Trigger in Banking Regulation

Arun Jaitley and Urjit Patel

RBI and public sector bank’s failure triggers the Banking Regulation Amendment Bill

By Prabhakar Kulkarni

Common consumers, farmers, small traders and educated unemployed youths need credit facilities and banks are expected to provide them as per the Union and State Government schemes and policy. But while corporate giants who have tremendous influence on the banking sector are getting ample credit facilities and concessions in recovery of dues, the very principle of equity is crushed. Both the RBI and banks failed to maintain the balance with the result that they are almost compelled by the new Amendment to recover the dues by way of liquidation of the assets of the big and willful defaulters.

While the Amendment in the Banking Regulation Act that went through Parliament in Monsoon Session, the ordinance was issued first on 4th May when the Parliament was not in session. The said ordinance and now the bill while stressing the need for the amendment points out  that the stressed assets in the banking system, or non-performing assets have reached unacceptably high levels and hence, urgent measures are required for their speedy resolution to improve the financial health of banking companies for proper economic growth of the country. Therefore, it was considered necessary to make provisions in the Banking Regulation Act, 1949 for authorizing the Reserve Bank of India to issue directions to any banking company or banking companies to effectively use the provisions of the Insolvency and Bankruptcy Code, 2016 for timely resolution of stressed assets.

It was accordingly decided to make amendments to the Banking Regulation Act, 1949.  In order to confer power upon the Central Government for authorizing the Reserve Bank to issue directions to any banking company or banking companies to initiate insolvency resolution process in respect of a default, under the provisions of the Insolvency and Bankruptcy Code, 2016; to confer power upon the Reserve Bank to issue directions to banking companies for resolution of stressed assets and also allow the Reserve Bank to specify one or more authorities or committees to advise banking companies on resolution accordingly.

The reason why the amendment is needed seems to be the lethargy of the banks to proceed as per the existing laws which are quite strong for recovery of loans. For instance common consumer who fails to pay three installments of his loan is issued notice for recovery and the legal proceedings are processed against him. But in the case of big defaulters and mostly in the corporate sector this provision is not duly followed. The glaring instance is that of the Essar Steel which went to Court the moment the ordinance was issued. This company owes various banks Rs 45000 crores out which Rs 31671 crores turned NPA on 31st March 2016. Why banks failed to act against the company immediately instead of waiting for a year and what action is taken needs to be made public. But in all banking transactions there is a sort of secrecy particularly in regard to sanctioning of loans and also concessions in regard of recovery of dues.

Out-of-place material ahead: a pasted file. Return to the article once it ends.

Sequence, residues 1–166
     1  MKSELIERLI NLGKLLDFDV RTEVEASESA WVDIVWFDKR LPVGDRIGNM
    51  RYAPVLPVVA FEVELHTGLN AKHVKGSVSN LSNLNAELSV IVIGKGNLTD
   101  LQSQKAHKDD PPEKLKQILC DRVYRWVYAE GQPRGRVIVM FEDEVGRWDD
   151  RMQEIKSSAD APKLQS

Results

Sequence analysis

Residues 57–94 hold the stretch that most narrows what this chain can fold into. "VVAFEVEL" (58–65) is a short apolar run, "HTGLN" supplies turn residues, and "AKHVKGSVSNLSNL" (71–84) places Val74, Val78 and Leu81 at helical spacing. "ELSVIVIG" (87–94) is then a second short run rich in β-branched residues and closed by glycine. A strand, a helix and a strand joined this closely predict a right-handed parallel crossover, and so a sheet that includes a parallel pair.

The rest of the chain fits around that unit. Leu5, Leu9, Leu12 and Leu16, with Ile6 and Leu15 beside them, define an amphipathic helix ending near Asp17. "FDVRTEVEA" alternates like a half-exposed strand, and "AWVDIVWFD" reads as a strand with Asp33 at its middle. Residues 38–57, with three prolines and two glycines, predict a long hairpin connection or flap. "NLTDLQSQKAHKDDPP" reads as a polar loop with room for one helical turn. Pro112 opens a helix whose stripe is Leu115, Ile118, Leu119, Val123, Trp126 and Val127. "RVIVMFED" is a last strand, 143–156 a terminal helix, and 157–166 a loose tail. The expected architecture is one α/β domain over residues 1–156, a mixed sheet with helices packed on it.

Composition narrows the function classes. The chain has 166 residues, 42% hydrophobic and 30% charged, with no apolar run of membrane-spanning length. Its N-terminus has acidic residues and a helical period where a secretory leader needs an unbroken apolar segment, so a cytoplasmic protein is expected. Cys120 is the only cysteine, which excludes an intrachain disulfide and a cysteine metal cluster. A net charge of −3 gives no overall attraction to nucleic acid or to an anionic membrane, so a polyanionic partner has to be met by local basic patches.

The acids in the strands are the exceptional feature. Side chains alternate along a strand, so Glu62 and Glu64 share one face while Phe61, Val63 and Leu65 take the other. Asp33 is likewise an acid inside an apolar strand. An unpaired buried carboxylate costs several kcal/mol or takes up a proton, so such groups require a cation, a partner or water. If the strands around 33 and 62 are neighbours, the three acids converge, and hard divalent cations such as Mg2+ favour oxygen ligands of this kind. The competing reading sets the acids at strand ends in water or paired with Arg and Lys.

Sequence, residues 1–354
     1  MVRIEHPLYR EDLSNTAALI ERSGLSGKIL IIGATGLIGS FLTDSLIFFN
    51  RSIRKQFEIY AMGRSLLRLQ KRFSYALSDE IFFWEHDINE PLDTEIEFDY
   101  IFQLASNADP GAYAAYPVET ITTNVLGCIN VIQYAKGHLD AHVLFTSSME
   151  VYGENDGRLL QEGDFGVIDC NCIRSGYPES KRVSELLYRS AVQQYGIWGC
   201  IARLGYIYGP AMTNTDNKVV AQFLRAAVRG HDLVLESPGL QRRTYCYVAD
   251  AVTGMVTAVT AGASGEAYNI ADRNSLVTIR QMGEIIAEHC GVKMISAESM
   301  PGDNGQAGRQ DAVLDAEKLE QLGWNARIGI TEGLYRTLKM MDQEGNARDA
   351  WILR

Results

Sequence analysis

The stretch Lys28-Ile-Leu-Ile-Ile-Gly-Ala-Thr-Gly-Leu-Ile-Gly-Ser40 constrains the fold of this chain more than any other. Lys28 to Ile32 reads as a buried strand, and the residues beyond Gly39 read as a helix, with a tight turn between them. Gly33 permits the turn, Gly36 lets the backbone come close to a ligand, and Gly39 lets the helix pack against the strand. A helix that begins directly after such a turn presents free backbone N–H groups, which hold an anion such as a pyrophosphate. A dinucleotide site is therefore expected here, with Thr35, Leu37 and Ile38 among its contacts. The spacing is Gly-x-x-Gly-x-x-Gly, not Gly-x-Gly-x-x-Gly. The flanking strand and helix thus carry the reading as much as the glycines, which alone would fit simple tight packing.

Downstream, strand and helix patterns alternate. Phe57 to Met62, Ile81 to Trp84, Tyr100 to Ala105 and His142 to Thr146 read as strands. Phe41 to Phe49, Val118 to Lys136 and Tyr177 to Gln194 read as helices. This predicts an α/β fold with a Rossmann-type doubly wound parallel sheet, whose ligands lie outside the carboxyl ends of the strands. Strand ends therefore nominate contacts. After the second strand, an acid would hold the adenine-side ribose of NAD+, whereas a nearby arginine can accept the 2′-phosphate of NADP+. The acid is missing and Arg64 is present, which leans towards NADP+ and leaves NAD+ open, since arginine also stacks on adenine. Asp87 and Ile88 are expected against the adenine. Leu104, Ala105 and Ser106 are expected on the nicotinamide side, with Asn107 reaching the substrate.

Besides, such companies hire the highest and costly legal brains in the country and proceed in Courts to get the matter stayed. Whether banks fight with appropriate legal acumen or are lenient even when the matter is brought in Court is also a mystery. The big corporate companies are known to use such tactics for avoiding any due legal action.  Essar Steel approached the Gujarat High Court against the ordinance for demanding the stay against the proceeding against it under the Amendment provisions.

While opposing the Essar’s demand, the RBI has pointed out in the court that as on March 2017 the gross NPAs in  India aggregated to more than Rs 728768 crores which is about 12 percent of the total advances, The Essar company one among eleven others with more than Rs 5000 cores each of outstanding loans which need to recover under the insolvency and bankruptcy code.

While rejecting the Essar Company’s plea the HC has observed that the RBI’s directive under the ordinance is not irrational and arbitrary or discriminatory but it would be appropriate for the RBI to provide benefit of all its schemes which need to be equally offered to all without discrimination.

 But what are the facts? The RBI has now come forward to proceed against the twelve defaulting companies without any disclosure as to what the concerned banks have done for the recovery proceedings under the existing laws which are used in the case of small consumers, farmers and small scale industries. In a number of frequent cases of farmers’ and a few small industrialists’ suicides in Maharashtra harassment by banks through their agents has triggered depression and suicides. There are cases wherein even one installment lapse is considered apt for the recovery and banks agents have harassed farm loaners. In both the sanctioning and recovery procedure banks have been discriminatory and more in favor of the big defaulters while harassing the small ones.

The Amendment is therefore is considered imperative as the RBI need more authority and teeth to compel banks to proceed to liquidate the assets of the big defaulting companies and not to be susceptible to their enticement and alluring pressures. The way banks are susceptible is disclosed by statement of the much-publicized Vijay Mallya who has reportedly stated that he has entertained both the banks and media organs who are therefore not likely to harass him for any recovery proceeding.  Now the ordinance needs to be turned into Act and while it is tabled the opposition has demanded that the Bill should be sent to the Parliament’s standing committed for scrutiny.